LavaMite: It's Out Now

It was some time last year, back in good ol' 2013, when my wife bought herself a lava lamp from Amazon (what don't we buy from Amazon these days?). I said, "What's this? No, I know it's a lava lamp. Why do we have it?" She said, "'Cause it's cool." "Whatever, dude." I had a lava lamp as a kid, and I didn't recall anything particularly interesting about it.

But a few days later she'd had it on for a while when I came home from work, and it looked kinda, hm, funny. You know how lava lamps are normally depicted: globs of whatever (wax) bubbling up and down languidly. At that point it looked more like a cave formation, some jagged sculpture randomly built up from the ground from aeons of mineral collection. "Huh," I said, "interesting."

After chancing upon her lava lamp in a similar state a few times, I mused idly aloud that I bet I could make a program to catch the lava lamp "in the act" of looking more interesting than they generally do. That got the wheels in my brain turning. A few months later, LavaMite is born (update: source code, download, and instructions now available). The name is a dubious portmanteau of "lava lamp" and "stalagmite", which should surprise absolutely nobody who knows me.

I like this project because it is basically my very first endeavor that you could venture to call artistic. Not that there's some grand or deep message I'm trying to convey; I just saw something unusual that people probably overlook, and I wanted to share it. Best of all, I think it has turned out successfully--the images it captures fit my original vision. My technology has realized my intentions in a way that most of my other projects don't (usually from abandonment).

So now you know why it is. Read on to find out, in probably progressively gorier detail, what comprises it and how it works.

Several moving parts

With a goal in mind, I needed to come up with a system to capture the images of my (or my program's) choosing. First of all, I'm going to need a lava lamp. No problem, I'll just steal my wife's aforementioned lamp (hearing angry yells about stealing her stuff right about now). Secondly, I'll need something to turn it on and off. Hmm, some kind of computer-controlled power switch. We'll get to that shortly. Thirdly, I need to snap a photo of the lamp. That will require a webcam (already got one) and software to take pictures. Fourthly, I need software to share the picture online. Let's tackle these one at a time.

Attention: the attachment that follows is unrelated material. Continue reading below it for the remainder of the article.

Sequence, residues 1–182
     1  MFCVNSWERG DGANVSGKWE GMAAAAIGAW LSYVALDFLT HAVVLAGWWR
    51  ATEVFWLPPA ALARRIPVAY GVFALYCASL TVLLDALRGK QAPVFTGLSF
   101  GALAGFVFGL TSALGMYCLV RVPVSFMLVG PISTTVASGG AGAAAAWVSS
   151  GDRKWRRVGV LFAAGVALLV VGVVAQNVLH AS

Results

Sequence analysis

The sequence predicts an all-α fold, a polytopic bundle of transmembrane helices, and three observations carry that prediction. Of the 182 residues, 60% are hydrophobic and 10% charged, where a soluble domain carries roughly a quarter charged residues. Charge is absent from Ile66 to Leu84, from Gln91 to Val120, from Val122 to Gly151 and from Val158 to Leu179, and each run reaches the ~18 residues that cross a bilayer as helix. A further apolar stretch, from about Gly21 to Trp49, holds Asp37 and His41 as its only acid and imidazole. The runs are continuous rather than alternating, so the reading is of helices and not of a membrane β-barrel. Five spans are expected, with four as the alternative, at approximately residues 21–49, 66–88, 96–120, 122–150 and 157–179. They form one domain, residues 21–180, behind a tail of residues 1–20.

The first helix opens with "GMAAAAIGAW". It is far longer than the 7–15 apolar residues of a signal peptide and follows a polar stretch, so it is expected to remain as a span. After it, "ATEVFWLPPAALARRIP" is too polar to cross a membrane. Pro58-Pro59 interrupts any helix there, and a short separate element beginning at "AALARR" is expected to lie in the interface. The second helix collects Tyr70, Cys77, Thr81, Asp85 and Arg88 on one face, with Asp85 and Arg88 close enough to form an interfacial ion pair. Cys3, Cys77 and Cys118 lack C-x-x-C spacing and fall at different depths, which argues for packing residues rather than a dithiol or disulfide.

Oh, one last restriction. I sometimes use new projects to learn a new progamming language, since I can't really learn a new language well without applying it to a real problem. I used this project as a vehicle to learn D, a language which my friend @neworb couldn't shut up about. I have a bunch of thoughts on this language, which I will probably save for a different post.

The power to power and un-power

I did some research about what I might use to turn the power to the lamp on and off. I've seen those timed power switches before, with the clock-like dial where you set on and off periods, but I want to dynamically control when it goes on and off, so it needs to have a computer interface. I looked up network-controlled power switches. Holy cow, these are expensive. I didn't want to spend upwards of $50 (and generally much more) to make this thing.

Well, I've got the old Arduino Duemilanove sitting in the closet, collecting dust after my microcontrollers course a few years back. Maybe I can put that to good use. I remembered that it has a USB/serial interface, so it would be easy for me to control from a PC. It has several pins that I can turn on and off programmatically. I just need a power switch that activates or deactivates based on something like a 5-volt / 0-volt signal.

Quick preface to the next part: I know practically nothing about circuits. I'm a CS guy, not an electrical engineer, and when you show me a circuit diagram, my eyes glaze over. All the circuits related technology I ended up using in this project--admittedly, a laughably small amount--was nonetheless stretching my skills. BUT! I didn't kill myself with a live wire, so that's good, right?

I did some searches for Arduino-controlled power switches. I found a bunch of circuit diagrams and warnings about "live rails" and killing yourself with amps. I got a bit worried, so stepped back a bit. Maybe I could find something a bit safer? I came upon a nice looking device called the PowerSwitch Tail II. It looked perfect: for $25 I could get a power switch specifically designed to be controlled by Arduino. I nearly bought the thing. I don't know why I didn't, honestly.

Something made me go back and search for "relays" on Amazon, and I turned up this little SainSmart 2-channel relay. From looking at the comments and reviews I was able to glean that this $10 gadget might be exactly what I was looking for. Even better, it's a fairly popular part, so I found a wealth of information on YouTube about it--great tutorials and so on. This is what I ended up buying, and I'll say more about the actual exercise of putting the solution together in a bit.

My very own personal photographer

I already had webcams lying around, so I just grabbed any old one, in this case a Microsoft LifeCam VX-5000, I think. That's the easy part. The harder part was figuring out how to interface with the Windows camera APIs to take a picture using it. Heck, I don't even know which API to use for this. Apparently in the olden days you would use WIA, but it has since been deprecated in favor of MediaFoundation.